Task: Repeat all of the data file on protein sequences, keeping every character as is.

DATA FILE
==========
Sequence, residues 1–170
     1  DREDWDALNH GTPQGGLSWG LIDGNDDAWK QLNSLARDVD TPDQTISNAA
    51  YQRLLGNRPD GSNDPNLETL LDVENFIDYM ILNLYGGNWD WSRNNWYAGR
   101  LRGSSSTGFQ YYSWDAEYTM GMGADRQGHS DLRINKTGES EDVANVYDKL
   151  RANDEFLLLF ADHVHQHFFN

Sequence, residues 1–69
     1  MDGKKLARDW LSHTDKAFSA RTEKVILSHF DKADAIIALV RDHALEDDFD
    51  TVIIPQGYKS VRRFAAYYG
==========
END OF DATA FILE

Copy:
Sequence, residues 1–170
     1  DREDWDALNH GTPQGGLSWG LIDGNDDAWK QLNSLARDVD TPDQTISNAA
    51  YQRLLGNRPD GSNDPNLETL LDVENFIDYM ILNLYGGNWD WSRNNWYAGR
   101  LRGSSSTGFQ YYSWDAEYTM GMGADRQGHS DLRINKTGES EDVANVYDKL
   151  RANDEFLLLF ADHVHQHFFN

Sequence, residues 1–69
     1  MDGKKLARDW LSHTDKAFSA RTEKVILSHF DKADAIIALV RDHALEDDFD
    51  TVIIPQGYKS VRRFAAYYG